/Released under embargo until 12:01am, Tuesday, December 6, 2016/
OTTAWA, Dec. 5, 2016 /CNW/ - Today, a special panel of citizens convened to make recommendations on the future of prescription drug coverage in Canada calls on the federal government to create a universal public insurance plan for necessary medicines.
At 8:45am, the Chair of the Citizens' Reference Panel on Pharmacare in Canada will testify to the House of Commons' Standing Committee on Health on the process that brought these Canadians together and on the contents of their final report: Necessary Medicines: Recommendations from the Citizens' Reference Panel on Pharmacare in Canada.
"The panelists were surprised to learn that many Canadians do not have adequate drug coverage and that Canadians on average spend considerably more for medically-necessary drugs than most other countries with comparable health care systems," says Peter MacLeod, the Panel's chair. "They believe the government should act and create a national pharmacare system that is equitable and cost-effective."
About the panel
The Citizens' Reference Panel on Pharmacare in Canada is an innovative initiative to provide detailed advice and a clear citizen perspective to health ministers and policy makers.
This summer, 10,000 households were randomly selected by Canada Post to receive an invitation to volunteer. Participants were then randomly selected by Civic Lottery ensuring that the panel broadly matched Canada's demographics and the prevalence of prescription drug coverage.
Ultimately, thirty-five Canadians were randomly selected as representatives from each province and the territories. Together, they travelled to Ottawa to participate in a five-day dialogue, propose recommendations, reach consensus and draft their report.
During their meetings, the panelists learned about Canada's health care system and how prescription drugs are provided here and in other countries. They heard from 20 guest speakers, including doctors, nurses, pharmacists, brand-name and generic manufacturers, insurers, retailers, patients, public agencies, academics, and former policy makers.
The process was overseen by a committee featuring leading clinicians, senior public servants and health researchers from across Canada.
The Citizens' Reference Panel on Pharmacare in Canada recommends immediate action to address flaws in the current patchwork of public and private drug coverage. They proposed a vision of prescription drug coverage they believed "Canadians could be proud of."
Their recommendations are grounded in core principles they felt represented their values as Canadians: that coverage be universal, patient-centred, accountable to the public, evidence-based, and sustainable.
The panel recommends universal public coverage of medicines listed on a new national formulary. They recommend that this formulary be extensive enough to accommodate the full range of individual patient needs, including rare diseases. They also recommend that all covered drugs would undergo a rigorous evaluation process to ensure both the efficacy and value-for-money of funded treatments.
As a first step towards a comprehensive public drug plan, the panel also calls on the government to move immediately to implement public coverage for a short list of basic, frequently prescribed drugs. This short list would begin the shift towards a comprehensive universal pharmacare system and become the basis for a new national formulary.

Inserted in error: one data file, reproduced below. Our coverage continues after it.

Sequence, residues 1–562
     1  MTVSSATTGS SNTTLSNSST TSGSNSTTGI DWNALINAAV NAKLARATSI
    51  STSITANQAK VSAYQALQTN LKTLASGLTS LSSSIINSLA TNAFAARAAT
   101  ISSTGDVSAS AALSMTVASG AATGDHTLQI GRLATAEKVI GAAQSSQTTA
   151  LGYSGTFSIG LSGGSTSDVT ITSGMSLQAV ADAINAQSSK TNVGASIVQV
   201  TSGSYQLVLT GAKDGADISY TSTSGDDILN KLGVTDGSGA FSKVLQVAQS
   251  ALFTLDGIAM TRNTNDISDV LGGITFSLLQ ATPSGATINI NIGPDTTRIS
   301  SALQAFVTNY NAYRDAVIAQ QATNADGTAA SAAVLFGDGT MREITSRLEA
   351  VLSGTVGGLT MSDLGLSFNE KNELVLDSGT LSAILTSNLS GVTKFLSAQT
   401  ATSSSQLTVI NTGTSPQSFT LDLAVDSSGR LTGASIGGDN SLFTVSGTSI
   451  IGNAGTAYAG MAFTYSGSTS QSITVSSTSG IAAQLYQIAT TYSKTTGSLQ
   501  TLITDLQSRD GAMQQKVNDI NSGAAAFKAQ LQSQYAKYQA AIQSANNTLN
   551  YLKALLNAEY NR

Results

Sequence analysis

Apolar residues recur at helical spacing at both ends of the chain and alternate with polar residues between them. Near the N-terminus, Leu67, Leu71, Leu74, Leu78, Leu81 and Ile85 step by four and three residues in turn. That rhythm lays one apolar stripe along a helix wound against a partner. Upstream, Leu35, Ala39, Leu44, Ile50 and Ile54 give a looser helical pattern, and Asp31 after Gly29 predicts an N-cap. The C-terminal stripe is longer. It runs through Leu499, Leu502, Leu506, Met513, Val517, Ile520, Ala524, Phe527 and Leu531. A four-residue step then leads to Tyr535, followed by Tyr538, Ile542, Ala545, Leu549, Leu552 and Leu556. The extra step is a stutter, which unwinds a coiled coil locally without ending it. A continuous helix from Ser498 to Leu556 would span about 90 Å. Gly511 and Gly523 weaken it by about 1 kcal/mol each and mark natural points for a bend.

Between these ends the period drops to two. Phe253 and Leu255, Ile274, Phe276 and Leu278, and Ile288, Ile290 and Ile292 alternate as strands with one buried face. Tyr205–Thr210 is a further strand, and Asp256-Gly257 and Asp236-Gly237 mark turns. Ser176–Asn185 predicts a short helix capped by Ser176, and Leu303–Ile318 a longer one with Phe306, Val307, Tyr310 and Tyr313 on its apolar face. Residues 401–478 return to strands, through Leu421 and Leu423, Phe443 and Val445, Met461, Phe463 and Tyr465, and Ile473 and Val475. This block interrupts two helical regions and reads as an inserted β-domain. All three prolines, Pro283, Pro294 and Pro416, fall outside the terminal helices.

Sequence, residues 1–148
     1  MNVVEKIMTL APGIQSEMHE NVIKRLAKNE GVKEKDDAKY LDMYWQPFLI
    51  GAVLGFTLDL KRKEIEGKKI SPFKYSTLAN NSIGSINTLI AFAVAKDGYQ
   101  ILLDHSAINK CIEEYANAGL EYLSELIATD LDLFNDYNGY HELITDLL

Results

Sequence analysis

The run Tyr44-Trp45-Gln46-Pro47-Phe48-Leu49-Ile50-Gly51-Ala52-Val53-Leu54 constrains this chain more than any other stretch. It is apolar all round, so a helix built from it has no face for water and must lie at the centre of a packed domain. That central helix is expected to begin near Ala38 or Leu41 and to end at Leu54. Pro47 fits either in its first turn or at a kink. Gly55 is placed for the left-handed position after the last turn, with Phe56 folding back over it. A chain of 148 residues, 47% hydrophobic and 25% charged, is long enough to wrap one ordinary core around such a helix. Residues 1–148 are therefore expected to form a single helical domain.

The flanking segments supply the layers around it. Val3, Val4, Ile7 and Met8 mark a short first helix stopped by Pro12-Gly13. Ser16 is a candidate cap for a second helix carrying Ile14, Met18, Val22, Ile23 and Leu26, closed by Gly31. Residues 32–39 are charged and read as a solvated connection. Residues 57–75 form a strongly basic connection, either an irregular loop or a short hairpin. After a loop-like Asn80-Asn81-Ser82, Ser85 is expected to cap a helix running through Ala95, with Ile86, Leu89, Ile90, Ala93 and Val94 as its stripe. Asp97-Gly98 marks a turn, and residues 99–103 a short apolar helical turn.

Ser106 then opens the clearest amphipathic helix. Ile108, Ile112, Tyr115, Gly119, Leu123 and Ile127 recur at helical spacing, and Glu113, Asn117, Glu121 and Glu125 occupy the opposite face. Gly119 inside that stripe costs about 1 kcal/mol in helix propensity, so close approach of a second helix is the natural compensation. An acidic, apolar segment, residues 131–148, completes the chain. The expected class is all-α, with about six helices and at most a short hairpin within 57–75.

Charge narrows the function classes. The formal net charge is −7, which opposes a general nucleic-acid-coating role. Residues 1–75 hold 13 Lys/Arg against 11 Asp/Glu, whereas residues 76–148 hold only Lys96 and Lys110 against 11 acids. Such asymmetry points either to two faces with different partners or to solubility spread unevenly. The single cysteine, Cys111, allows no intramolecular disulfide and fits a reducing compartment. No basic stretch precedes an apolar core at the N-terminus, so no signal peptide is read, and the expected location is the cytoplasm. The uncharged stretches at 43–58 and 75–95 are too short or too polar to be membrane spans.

The panel also endorses an ongoing role for private insurers in providing supplemental coverage. Under any new system, employers, unions and individuals could continue to purchase private insurance for medications not on the public formulary as well as other para-medical services.
The panel urges the government to fund the program through modest income and corporate tax increases, and urges further consideration of co-payment models provided they do not create an unreasonable barrier for low-income individuals.
"This is a timely and important contribution to a national dialogue on strengthening pharmaceutical coverage," says Dr. Steve Morgan, Professor of health policy at the University of British Columbia, and the panel's lead researcher.
The Citizens' Reference Panel on Pharmacare was principally funded by a grant from the Canadian Institutes of Health Research with additional support provided by the Mindset Social Innovation Foundation, the University of British Columbia, the University of Toronto, Women's College Hospital, the CIHR Institute of Health Services and Policy Research, and the Michael Smith Foundation for Health Research.
For more information and to download a copy of the report: http://www.crppc-gccamp.ca
SOURCE Citizens' Reference Panel on Pharmacare in Canada
Image with caption: "Members of the Citizens' Reference Panel on Pharmacare in Canada meet in the Grand Hall of the Canadian Museum of History in Gatineau, Quebec (CNW Group/Citizens' Reference Panel on Pharmacare in Canada)". Image available at: http://photos.newswire.ca/images/download/20161205_C1522_PHOTO_EN_829988.jpg
For further information: Media inquiries: Peter MacLeod, Chair, Citizens' Reference Panel on Pharmacare in Canada, T: 416-833-3194, E: [email protected]; To speak with a citizen panelist: Caitlin Myles, Panel Coordinator, Citizens' Reference Panel on Pharmacare in Canada, T: 647-678-3460, E: [email protected]; Oversight Committee Members: Dr. Steven G. Morgan, Professor, University of British Columbia, T: 604-822-7012, E: [email protected]; Dr. Danielle Martin, Vice-president, Women's College Hospital, T: 416-779-8841, E: [email protected]